While the 2016-2017 winter to date has been largely the winter that wasn’t for much of the country, cold weather is expected to grab hold of the northern tier of the United States well into spring, according to AccuWeather forecasters.

Northeast population centers can expect rain and snow through mid-March, and that will keep a lid on temperatures, according to Paul Pastelok, AccuWeather lead long-range forecaster.

“As far as a significant warmup goes in the Northeast, I think you have to hold off until late April and May,” Pastelok said.

And chilly air will also stretch westward into the Midwest.

“It seems like all the cold and all the snow has been really piling up across that area and it’s going to be no different going into the early spring,” he said. “North and west [of Chicago] is going to be delayed because of the amount of snowpack. It will be running behind schedule, no doubt in my mind. I just don’t know how far behind at this point.”

The National Oceanic and Atmospheric Administration’s (NOAA) Climate Prediction Center said Thursday that a La Nina event in the Pacific Ocean has faded, and the northern hemisphere is likely to see neutral conditions, or even an El Nino event, in coming months.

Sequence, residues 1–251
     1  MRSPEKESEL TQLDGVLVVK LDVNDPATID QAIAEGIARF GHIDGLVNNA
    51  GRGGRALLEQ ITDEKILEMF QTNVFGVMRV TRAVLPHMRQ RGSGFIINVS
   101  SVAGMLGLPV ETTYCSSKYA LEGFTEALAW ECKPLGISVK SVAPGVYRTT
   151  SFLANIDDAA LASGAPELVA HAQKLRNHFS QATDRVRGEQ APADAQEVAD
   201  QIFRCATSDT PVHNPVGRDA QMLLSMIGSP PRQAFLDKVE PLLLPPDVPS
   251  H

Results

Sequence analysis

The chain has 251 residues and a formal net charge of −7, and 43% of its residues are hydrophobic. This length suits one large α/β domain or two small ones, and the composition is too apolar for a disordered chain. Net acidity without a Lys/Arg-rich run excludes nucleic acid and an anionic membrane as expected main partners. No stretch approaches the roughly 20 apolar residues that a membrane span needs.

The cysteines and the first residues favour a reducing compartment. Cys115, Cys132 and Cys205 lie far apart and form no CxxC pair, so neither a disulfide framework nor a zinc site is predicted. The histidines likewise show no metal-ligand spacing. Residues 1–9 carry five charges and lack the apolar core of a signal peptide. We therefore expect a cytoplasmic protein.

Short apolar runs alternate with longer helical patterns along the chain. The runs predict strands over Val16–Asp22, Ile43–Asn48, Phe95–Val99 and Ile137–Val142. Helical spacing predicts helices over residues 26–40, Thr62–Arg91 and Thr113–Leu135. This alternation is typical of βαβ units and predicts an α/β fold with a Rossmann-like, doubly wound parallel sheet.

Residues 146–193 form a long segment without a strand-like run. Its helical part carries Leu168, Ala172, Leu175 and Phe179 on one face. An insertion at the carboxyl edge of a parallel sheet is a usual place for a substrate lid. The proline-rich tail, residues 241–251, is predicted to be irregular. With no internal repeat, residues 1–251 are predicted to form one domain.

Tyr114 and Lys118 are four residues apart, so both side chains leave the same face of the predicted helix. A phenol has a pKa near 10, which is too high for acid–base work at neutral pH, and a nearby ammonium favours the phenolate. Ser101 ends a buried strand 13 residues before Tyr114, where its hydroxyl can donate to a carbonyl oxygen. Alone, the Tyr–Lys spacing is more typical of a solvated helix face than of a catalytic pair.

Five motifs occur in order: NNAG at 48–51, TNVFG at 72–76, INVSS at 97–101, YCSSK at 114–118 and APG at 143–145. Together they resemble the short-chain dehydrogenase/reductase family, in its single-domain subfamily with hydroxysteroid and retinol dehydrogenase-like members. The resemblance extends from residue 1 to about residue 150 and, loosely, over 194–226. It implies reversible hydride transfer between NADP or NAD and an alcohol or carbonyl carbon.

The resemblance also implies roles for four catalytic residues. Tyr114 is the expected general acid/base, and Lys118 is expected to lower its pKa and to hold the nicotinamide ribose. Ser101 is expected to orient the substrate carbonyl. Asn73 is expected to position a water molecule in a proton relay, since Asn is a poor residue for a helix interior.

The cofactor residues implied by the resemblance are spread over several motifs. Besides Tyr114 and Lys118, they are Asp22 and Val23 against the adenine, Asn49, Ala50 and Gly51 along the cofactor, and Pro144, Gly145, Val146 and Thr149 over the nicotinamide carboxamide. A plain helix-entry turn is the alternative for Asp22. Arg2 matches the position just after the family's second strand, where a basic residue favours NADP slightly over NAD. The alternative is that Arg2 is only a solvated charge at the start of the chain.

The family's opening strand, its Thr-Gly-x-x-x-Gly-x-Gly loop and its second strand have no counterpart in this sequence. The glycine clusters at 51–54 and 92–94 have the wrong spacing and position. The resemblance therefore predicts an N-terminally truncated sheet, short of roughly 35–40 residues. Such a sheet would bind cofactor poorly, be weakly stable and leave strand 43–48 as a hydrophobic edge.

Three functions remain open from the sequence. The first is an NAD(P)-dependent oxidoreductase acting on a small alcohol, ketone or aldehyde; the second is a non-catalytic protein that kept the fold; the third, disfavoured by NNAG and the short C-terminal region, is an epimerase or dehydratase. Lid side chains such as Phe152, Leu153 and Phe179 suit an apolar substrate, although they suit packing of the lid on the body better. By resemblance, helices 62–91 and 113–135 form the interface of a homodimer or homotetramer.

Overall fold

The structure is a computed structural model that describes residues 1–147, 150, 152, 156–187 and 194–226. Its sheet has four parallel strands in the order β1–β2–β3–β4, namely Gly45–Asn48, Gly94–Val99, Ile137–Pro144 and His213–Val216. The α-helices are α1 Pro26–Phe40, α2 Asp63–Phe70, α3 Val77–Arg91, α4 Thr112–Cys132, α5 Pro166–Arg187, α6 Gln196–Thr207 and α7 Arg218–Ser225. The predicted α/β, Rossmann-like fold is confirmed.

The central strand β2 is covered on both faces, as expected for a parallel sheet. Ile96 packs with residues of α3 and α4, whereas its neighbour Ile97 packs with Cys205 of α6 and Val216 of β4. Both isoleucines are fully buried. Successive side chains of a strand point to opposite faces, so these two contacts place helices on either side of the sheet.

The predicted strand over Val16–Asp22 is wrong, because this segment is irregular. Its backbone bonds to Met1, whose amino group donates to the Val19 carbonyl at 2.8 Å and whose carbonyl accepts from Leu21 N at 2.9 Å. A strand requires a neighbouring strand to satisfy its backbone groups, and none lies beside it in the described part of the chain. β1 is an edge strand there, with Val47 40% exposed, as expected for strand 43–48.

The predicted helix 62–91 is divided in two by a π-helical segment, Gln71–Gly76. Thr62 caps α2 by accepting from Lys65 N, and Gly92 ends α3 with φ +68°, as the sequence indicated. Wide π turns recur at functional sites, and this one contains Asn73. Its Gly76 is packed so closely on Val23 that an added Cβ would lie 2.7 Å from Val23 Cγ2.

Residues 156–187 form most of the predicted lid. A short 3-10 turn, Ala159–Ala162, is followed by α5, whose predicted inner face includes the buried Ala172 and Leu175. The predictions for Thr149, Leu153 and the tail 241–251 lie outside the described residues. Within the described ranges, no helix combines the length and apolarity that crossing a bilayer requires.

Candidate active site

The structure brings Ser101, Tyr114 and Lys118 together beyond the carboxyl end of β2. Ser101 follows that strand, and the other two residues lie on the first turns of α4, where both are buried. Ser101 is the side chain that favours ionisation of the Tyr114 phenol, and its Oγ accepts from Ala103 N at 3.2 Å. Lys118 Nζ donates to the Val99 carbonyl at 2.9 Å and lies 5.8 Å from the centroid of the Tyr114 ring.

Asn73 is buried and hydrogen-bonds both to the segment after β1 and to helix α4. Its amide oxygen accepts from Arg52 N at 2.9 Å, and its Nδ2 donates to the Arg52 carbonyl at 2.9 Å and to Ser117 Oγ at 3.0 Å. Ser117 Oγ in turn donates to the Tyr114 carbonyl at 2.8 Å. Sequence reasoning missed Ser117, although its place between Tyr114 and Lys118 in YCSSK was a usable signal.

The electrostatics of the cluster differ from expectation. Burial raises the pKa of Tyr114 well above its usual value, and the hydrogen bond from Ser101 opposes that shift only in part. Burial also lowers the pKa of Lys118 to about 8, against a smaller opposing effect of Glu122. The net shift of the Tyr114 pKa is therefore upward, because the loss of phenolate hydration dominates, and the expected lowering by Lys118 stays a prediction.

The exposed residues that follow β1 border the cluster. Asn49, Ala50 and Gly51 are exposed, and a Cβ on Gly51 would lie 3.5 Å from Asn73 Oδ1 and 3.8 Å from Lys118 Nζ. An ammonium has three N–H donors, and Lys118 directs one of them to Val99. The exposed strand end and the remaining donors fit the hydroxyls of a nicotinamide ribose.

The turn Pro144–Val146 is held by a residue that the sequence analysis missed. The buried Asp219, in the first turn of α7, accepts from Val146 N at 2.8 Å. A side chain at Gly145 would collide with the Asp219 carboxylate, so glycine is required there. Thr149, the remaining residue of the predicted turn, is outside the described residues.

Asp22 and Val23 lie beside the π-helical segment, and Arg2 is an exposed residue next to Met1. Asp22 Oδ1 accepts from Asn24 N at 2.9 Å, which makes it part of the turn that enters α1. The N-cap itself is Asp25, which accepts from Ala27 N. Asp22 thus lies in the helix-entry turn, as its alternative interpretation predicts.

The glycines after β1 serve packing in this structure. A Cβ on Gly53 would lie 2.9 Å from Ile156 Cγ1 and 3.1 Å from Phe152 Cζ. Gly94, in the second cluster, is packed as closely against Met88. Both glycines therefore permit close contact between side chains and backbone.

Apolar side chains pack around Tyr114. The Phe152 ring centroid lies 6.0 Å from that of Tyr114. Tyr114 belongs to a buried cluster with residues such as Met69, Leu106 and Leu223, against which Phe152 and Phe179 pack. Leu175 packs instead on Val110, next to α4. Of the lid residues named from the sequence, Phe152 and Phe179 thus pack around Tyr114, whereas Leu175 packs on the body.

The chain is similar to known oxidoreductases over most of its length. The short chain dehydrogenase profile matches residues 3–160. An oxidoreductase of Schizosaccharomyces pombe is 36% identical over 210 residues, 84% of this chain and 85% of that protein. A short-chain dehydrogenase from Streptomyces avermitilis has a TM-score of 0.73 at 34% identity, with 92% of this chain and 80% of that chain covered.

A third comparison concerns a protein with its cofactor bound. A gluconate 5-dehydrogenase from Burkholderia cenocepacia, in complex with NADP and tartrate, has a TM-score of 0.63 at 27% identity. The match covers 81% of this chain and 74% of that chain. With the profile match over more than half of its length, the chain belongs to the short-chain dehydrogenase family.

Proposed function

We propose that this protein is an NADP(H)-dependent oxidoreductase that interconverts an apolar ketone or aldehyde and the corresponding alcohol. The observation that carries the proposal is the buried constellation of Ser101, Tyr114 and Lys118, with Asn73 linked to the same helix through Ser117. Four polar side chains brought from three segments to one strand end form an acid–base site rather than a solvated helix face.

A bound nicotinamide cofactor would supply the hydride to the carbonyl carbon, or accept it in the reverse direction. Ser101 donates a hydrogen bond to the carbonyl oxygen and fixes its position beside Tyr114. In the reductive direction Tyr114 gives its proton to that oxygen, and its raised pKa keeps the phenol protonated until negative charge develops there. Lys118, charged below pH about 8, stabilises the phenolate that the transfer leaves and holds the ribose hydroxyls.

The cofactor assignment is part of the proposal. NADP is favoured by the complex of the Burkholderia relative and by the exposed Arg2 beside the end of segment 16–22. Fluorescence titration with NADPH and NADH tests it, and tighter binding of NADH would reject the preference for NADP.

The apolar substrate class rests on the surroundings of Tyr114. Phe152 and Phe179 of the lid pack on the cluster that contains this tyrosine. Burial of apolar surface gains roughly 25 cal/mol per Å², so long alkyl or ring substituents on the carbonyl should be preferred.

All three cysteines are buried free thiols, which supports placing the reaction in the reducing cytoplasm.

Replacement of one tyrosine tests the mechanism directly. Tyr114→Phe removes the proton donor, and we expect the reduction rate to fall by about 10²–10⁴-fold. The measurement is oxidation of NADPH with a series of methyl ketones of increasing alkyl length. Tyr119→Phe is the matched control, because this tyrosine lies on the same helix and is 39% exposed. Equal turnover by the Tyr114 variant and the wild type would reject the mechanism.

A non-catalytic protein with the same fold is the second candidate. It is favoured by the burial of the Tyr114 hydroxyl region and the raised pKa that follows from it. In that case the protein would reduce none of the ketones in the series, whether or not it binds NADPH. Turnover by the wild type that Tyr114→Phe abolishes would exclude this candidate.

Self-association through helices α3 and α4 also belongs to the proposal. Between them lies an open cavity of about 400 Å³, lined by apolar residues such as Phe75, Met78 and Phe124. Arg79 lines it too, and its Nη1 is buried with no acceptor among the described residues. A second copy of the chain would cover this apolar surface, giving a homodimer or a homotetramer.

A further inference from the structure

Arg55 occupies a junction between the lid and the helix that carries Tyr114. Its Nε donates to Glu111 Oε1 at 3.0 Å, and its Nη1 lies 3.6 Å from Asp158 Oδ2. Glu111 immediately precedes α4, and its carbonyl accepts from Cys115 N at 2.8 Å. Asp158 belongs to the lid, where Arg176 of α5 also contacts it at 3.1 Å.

That could result in the slow retreat of a northern jet stream, which brings cold air to the upper levels of the atmosphere over North America, according to Pastelok.

“If it’s slow to move out, which is typical of a weak La Nina season, you’re going to get more explosive systems, more severe weather, and that’s a good possibility in the southern Plains this year,” Pastelok said.

More immediately, a blizzard was pounding the Northeast Thursday and the eastern half of the United States was expecting a cold blast of air to dominate next week, which could chip away at natural gas storage levels.

The Energy Information Administration on Thursday reported a 152 Bcf storage withdrawal. Last year 93 Bcf was withdrawn for the week and the five-year pace stands at a 138 Bcf decline. Inventories stand at 2,559 Bcf and are 325 Bcf less than last year and 45 Bcf greater than the five-year average.

This winter, similar to last, has proven to be much warmer than most people in the natural gas industry had expected, or hoped. Data and analytics company Genscape Inc. said last week that gas-weighted heating degree days from November to January (per NOAA) are on track to be about 320 below the 30-year average (in terms of gas demand, more than 500 Bcf/d below normal from November-January) and 280 below the 10-year average.